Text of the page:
Traumatic experiences aren’t rare. The National Center for PTSD, which is part of the US Department of Veterans Affairs, conducts research on trauma and post-traumatic stress disorder. They estimate that half of Americans have experienced a traumatic event. Men who have experienced a traumatic event have a 1 in 10 chance of developing PTSD, and women have a 1 in 5 chance of doing so. If you have experienced trauma, you should know that you are not alone and that there is treatment for PTSD available.
What is PTSD?
Post-traumatic stress disorder, or PTSD, is a mental health condition that can occur after a person experiences a traumatic experience such as a life-threatening event, military combat, sexual assault, a car accident or natural disaster. Feeling shaken, stressed or upset by these events is normal. However, when the feelings continue for months after the event has occurred or if the feelings prevent you from continuing to live your life, you may have PTSD.
Who is at risk for PTSD?
PTSD can happen to anyone who has experienced a traumatic event or has witnessed a traumatic event happen to someone else. Veterans and civilians alike can experience traumatic events that can result in a diagnosis of PTSD. A first-responder who witnesses a terrorist attack or natural disaster can develop PTSD in the same way that victims of the attack or disaster can.
Certain experiences can make you more likely to develop PTSD. This includes very intense or long-lasting trauma, sustaining an injury during a traumatic event or if you experience a strong reaction during the event, like shaking, vomiting or dissociating from your surroundings.
Developing PTSD is also more common for people who have been the victim of sexual assault or those who have experienced combat.
Like any other mental health condition, PTSD can affect anyone.
What are the symptoms of PTSD?
Everyone experiences symptoms of PTSD differently. Below are the four main symptoms of PTSD.
1. Reliving the event, having flashbacks or nightmares.
After a traumatic event, flashbacks, or unwelcome memories can occur. These flashbacks feel real and can be scary. It might seem like you are experiencing the event all over again. Nightmares are also common. These flashbacks or nightmares can be triggered by things that seem to be unrelated to the traumatic event. Seeing something on the news or hearing a loud noise can trigger a flashback in those who are struggling with symptoms of PTSD.
2. Avoiding things that make you think about the event.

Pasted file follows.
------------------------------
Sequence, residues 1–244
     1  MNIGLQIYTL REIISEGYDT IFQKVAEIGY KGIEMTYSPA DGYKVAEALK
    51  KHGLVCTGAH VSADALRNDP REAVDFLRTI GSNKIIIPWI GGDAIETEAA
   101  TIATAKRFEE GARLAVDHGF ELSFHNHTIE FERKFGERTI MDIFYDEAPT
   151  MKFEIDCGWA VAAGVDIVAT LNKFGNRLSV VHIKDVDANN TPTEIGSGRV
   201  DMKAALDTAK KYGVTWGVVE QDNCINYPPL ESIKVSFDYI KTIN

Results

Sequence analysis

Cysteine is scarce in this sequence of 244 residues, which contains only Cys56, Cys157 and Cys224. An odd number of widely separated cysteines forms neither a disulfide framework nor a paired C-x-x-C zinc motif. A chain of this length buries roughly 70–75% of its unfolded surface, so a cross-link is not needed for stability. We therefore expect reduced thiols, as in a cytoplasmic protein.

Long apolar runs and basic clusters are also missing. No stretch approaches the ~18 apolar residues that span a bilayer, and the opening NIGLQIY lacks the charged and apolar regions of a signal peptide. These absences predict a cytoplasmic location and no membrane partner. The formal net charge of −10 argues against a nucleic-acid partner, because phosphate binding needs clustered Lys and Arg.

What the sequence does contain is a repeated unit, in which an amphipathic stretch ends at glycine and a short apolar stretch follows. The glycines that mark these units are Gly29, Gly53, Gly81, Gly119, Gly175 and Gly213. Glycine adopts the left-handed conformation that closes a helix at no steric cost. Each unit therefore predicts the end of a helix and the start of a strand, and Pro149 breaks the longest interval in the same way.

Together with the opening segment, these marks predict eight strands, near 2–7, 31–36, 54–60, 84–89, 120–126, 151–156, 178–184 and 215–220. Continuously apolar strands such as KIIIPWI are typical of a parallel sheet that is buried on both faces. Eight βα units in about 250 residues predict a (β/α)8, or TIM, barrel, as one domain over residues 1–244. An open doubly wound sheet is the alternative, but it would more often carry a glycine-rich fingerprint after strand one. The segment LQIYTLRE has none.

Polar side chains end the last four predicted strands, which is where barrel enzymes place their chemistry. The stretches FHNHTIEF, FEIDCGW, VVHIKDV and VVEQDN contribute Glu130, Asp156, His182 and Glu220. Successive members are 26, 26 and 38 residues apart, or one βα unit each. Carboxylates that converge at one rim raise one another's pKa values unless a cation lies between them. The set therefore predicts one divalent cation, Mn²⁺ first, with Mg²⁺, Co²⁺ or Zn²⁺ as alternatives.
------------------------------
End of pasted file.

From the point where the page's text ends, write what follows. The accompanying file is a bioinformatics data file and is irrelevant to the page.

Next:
People or situations can remind you of the event, and if you are struggling with PTSD, you might feel the need to avoid anything that reminds you about your experience including places that are similar to where the event took place or large crowds. Alternatively, you might fill your time and keep busy so you don’t have to think about the event at all.
3. Having more negative thoughts or feelings than you did before.
After experiencing a traumatic event, feeling happiness or experiencing positive emotions can become difficult. It’s common to lose interest in the things you used to enjoy and to avoid the people you used to spend time with. You may feel guilt or shame and wish that you had done something different to change or prevent what has happened to you.
4. Feeling anxious, jittery or on-edge.
If you are finding it difficult to relax, this is called hyperarousal. Hyperarousal can make it difficult to sleep or concentrate and cause you to constantly feel like you need to be alert and watchful. You may be easily startled, angered or irritated. Developing unhealthy habits like smoking or abusing drugs and alcohol to cope with hyperarousal is common.
Can PTSD be treated?
PTSD is treatable, and it doesn’t matter how long it’s been since you’ve experienced the traumatic event. You can get treatment for PTSD at any time and change your life.
Many people who struggle with PTSD have a co-occurring mental health disorder like depression, anxiety, drug or alcohol abuse and may also struggle with thoughts of self-harm or harming others. PTSD treatment can address these co-occurring disorders so that you can move on and get your life back.
When PTSD goes untreated, it can get worse. Unfortunately, symptoms of PTSD don’t get better over time. This is why it’s important to seek treatment so that you can address your symptoms and find healing.
If you decide to seek treatment for PTSD, your doctor or therapist will begin treatment by asking you about your symptoms and will discuss what your options are. Trauma-focused psychotherapies are the most common and highly recommended treatment options for PTSD.
Eye Movement Desensitization and Reprocessing (EMDR), which is available at our counseling centers, is a type of trauma-focused psychotherapy that can help you learn to cope with the memories, thoughts and feelings associated with your traumatic experiences. During EMDR, a therapist will ask you to think about a memory of the traumatic event and to identify the feelings, emotions and thoughts you are experiencing. While you recall the memory, the therapist will ask you to focus on a sound (like a beep) or movement (like his/her finger moving back and forth). When the memory is less upsetting, the therapist will work with you on introducing a positive thought.
How can I find help for PTSD?
The most important thing to know is that you are not alone, and you can begin treatment at any time. If you’re ready to change your life for the better, contact one of our counseling centers. We have locations throughout Central Florida, in Kissimmee, Longwood and St. Cloud. We also provide behavioral health services at our counseling centers in Memphis and Chattanooga, Tennessee.
Don’t wait to begin treatment. Find the help you need today.